Meetings of the Hastings Heart of the Sun Morris Dancers at Keirunga the Creative Hub have a strong social element.  Contact us and come spend an hour learning about our craft.

The group meets weekly in the Homestead, for tuition and practice of Morris Dance routines. Outings for public performances and visits to other Morris groups are sometimes arranged. 

Morris dancing was first recorded in a document from the 15th century, but its origins seem to be shrouded in mystery.

According to some, morris dance is connected to dance traditions from druidic times, for others, it comes from court dances that were first performed in Italy and were then embraced in English courts.

The name ‘Morris‘, according to some, comes from the word Moorish.

One of the reasons why this dance is connected to the word Moorish, maybe because of the fact that most dancers originally used to paint their faces in black (today only some still do and the tradition of blackening their faces may originate as a form of disguise for dancers or it could have been a reference to miners in later times).  We don’t paint our faces black! For some, there may be a connection with dances of Moorish origin in the 15th century.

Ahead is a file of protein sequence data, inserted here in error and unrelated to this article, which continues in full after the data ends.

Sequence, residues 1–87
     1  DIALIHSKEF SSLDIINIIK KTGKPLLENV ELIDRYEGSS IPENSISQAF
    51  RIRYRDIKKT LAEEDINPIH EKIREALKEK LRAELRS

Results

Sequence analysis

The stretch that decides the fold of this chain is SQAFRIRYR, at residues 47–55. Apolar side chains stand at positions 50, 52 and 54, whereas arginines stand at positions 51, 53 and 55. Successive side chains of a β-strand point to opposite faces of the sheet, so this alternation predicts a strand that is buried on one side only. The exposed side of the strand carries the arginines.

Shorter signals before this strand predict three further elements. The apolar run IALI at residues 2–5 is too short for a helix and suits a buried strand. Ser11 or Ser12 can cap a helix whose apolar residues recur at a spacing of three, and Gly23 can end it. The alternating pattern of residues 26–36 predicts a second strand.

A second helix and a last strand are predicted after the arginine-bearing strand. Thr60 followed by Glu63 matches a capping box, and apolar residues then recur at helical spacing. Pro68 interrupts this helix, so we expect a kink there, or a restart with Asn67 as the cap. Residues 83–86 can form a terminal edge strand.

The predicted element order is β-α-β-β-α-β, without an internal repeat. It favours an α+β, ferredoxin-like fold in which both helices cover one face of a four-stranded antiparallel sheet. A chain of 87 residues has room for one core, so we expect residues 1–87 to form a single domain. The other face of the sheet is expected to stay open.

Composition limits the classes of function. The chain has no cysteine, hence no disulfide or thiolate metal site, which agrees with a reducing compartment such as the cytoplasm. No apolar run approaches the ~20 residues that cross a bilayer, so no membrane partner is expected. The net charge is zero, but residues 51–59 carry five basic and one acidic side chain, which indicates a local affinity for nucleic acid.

Whatever its origins, morris dance became very popular with the working classes and in rural areas from the 17th century (while it was previously mainly documented in court settings).

The modern revival of morris dancing started with the work of folklorists such as Cecil Sharp, Maud Karpeles, and Mary Neal, who organized the first revival performance in London with a group of young women.

Not long after, men groups also started and, since then, morris dancing experts have been disputing over whether morris dance should only be performed by men or by both genders.

Nowadays, there are groups that are men only, women only, or mixed genders.

For more information, please contact our Group Contact Person, Ann Williams at  

Equipment & Materials
The group owns sticks, hankies, and garlands, but members normally provide their own outfits.  We can guide you on how to obtain these.

Some members have their own musical instruments, which they bring to meetings and performances.

The group has a small library of books on Morris Dancing. 

Membership costs
Please contact us for specific costs, which are made up of three parts:

  • Membership to Keirunga Gardens Arts & Crafts Society Inc. ($50 + GST per annum)
  • Group Facility Fee (variable)
  • Additional group costs (variable)

Some groups may also have external affiliation charges. 

Meetings times
Thursday evenings
7.15pm to 8.45pm
Occasional public performances at a variety of locations.

Group Contact, Ann Williams